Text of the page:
Mathematics Stack Exchange is a question and answer site for people studying math at any level and professionals in related fields. It's 100% free, no registration required.

Sign up
Here's how it works:
  1. Anybody can ask a question
  2. Anybody can answer
  3. The best answers are voted up and rise to the top

When learning vector fields and using Green's Theorem with the Jacobian to find the area of a level surface, I actually realized that most of the examples shown in my book would be much easier to solve by using polar and spherical coordinates, but not multiplying by the representation of the radius. (Eg: In spherical coordinates I would eliminate the $\rho^2 \sin(\phi)$. I ended up discussing with my professor about it, and he said that the radius should be fixed. I disagreed, saying that the radius is changing, but you are not multiplying by it.

Here is how I see the use of Spherical Coordinates for getting the volume:

My idea is that, in spherical coordinates, if you take $z = \rho \cos(\theta)$, and look at the Cartesian plane from the z-axis, you are actually adding all the circles on the xy-plane. Then by looking from the y-axis, you have other sets of circles, and that's where you are getting your radius for multiplying $\rho^2 \sin(\phi)$. Is this right or I understood it wrongly?

Thanks for your attention

share|cite|improve this question
up vote 2 down vote accepted

I'm not sure exactly what you're asking, but whenever you have a change of coordinates, you get some "stretching." For instance, with sphereical coordinates, you're using three variables $\rho, \theta, \phi$ (which you can think of as piece of regular old $\mathbb{R}^3$) to describe some "curved" space. For instance, the regular old box $[1,2]\times[0,\pi/2]\times[0,\pi/2]$ describes the spherical regionin the first octant between the radii 1 and 2. These two geometric shapes do not have the same volume! you have to "stretch" the box to get the spherical shape, and the $\rho^2\sin\phi$ measures that stretching. In general if you have a change of coordinates like $$x(\rho, \theta, \phi)=\rho\sin\phi\cos\theta,y(\rho, \theta, \phi)=\rho\sin\phi\sin\theta,z(\rho, \theta, \phi)=\rho\cos\phi $$ you calculate the stretching by computing the the determinant $$ \left| \begin{array}{ccc} \partial x/\partial\rho&\partial x/\partial\theta&\partial x/\partial\phi\\ \partial y/\partial\rho&\partial y/\partial\theta&\partial y/\partial\phi\\ \partial z/\partial\rho&\partial z/\partial\theta&\partial z/\partial\phi\\ \end{array} \right|=\rho^2\sin\phi $$ if you're familar with the notion of the determinant describing the volume of a parallepiped, then you can think of this procedure as seeing how a small box near $(\rho,\theta,\phi)$ spaces changes shape into a small parallelepiped $(x,y,z)$ (using the partial derivatives as a linear approximation to your coordinate change). most calculus books will have a discussion of this in the multiple integration part of the book.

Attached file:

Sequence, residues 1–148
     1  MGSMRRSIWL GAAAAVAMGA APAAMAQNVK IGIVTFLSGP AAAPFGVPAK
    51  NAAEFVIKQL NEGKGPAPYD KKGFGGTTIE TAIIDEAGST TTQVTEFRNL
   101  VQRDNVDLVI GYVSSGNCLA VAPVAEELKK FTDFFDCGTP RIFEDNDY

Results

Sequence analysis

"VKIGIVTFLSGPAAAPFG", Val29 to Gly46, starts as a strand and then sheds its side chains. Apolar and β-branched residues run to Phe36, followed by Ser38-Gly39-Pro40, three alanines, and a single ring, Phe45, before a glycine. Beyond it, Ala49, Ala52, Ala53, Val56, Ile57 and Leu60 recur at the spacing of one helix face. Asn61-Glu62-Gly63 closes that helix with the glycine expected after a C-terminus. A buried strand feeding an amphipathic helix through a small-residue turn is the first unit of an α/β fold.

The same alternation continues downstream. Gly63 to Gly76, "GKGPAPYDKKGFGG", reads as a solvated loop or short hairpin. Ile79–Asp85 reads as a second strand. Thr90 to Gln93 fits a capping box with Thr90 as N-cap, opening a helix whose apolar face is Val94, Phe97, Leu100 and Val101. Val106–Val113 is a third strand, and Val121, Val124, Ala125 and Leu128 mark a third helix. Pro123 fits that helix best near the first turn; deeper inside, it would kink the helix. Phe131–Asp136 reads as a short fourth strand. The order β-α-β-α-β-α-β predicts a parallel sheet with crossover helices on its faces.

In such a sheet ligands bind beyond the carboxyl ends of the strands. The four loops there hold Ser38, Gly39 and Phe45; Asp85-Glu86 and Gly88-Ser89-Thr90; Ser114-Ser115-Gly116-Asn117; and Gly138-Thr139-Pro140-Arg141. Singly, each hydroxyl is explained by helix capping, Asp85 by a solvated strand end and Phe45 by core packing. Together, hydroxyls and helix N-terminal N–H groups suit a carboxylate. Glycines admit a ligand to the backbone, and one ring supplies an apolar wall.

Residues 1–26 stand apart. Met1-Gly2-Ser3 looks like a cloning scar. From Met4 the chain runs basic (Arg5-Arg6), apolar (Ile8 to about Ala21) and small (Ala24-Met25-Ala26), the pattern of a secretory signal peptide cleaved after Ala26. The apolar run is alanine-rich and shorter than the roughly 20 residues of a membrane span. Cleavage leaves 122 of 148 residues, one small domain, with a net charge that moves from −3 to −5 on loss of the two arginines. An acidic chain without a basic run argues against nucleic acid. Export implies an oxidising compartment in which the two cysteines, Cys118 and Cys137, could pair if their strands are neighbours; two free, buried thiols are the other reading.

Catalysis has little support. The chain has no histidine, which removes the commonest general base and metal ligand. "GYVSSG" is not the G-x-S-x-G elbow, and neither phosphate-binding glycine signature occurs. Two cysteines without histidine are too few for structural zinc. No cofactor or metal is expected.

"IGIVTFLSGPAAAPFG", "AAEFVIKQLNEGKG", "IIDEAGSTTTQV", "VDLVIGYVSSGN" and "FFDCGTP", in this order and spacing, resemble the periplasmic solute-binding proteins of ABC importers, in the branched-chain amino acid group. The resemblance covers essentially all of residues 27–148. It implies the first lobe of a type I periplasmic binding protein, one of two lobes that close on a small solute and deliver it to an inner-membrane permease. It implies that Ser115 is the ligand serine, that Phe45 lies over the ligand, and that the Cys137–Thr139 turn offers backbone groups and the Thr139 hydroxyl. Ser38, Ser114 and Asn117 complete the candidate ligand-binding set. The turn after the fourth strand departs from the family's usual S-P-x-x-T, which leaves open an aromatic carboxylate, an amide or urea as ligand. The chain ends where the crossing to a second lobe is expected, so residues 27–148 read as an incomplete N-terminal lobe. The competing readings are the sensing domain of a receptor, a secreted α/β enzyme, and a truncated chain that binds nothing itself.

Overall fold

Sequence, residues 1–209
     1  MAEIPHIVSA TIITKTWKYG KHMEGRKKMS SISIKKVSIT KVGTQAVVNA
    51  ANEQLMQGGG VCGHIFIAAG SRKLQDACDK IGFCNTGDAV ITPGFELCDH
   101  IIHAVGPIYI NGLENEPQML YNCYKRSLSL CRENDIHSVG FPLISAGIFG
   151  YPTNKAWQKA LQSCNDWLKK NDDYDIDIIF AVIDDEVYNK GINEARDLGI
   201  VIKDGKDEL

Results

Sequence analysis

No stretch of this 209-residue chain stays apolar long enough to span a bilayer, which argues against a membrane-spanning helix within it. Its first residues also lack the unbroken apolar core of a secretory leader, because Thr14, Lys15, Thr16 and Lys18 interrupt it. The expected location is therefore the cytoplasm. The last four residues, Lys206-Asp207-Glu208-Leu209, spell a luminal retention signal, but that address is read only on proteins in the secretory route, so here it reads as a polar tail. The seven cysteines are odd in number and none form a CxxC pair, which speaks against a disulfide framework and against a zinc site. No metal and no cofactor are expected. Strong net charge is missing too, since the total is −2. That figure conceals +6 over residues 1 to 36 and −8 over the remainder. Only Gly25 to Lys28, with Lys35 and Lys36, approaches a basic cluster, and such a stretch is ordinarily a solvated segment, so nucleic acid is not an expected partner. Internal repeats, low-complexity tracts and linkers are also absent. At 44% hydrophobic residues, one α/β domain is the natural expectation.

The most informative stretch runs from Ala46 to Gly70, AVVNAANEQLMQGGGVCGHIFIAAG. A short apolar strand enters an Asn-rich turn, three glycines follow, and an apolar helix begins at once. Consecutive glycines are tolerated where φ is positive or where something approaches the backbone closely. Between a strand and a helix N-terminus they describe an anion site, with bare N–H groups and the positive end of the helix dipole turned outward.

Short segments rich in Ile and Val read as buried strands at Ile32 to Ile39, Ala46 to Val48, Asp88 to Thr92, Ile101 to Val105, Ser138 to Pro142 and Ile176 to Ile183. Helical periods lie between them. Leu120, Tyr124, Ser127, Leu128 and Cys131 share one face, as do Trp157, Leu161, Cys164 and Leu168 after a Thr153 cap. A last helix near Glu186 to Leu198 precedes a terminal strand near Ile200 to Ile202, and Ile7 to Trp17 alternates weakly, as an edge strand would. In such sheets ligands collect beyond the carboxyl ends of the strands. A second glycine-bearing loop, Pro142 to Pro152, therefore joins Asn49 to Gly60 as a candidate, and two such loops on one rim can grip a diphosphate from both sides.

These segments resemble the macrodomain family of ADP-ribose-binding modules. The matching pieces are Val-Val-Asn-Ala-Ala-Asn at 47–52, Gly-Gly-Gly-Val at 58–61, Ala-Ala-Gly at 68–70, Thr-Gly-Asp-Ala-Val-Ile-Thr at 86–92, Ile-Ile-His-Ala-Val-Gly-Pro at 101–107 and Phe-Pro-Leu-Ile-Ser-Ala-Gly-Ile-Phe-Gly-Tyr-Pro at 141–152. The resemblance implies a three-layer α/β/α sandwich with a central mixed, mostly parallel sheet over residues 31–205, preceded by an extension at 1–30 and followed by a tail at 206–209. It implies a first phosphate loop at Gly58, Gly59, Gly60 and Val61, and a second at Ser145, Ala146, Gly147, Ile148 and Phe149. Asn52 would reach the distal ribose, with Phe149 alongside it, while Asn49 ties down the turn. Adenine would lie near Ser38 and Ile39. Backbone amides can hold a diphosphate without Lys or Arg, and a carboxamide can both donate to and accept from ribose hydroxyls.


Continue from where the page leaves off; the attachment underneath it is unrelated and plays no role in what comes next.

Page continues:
share|cite|improve this answer
I think I got it. My mistake was to assume that p^2 sin(phi) represents the radius of the sphere. How would you get the surface area a sphere centered at the origin with radius 1 using spherical coordinates? Setting z = sqrt(-x^2 + -y^2) and using spherical coordinates as parameters would work? – OverAchiever Dec 8 '11 at 19:56
For surface area you would set $\rho = \text{const}$ and integrate over $\theta$ and $\phi$... – David Z Dec 9 '11 at 0:39
Thanks. The explanation on how p^2 sin(phi) represents the stretching really helped. – OverAchiever Dec 10 '11 at 0:52

Your Answer


By posting your answer, you agree to the privacy policy and terms of service.

Not the answer you're looking for? Browse other questions tagged or ask your own question.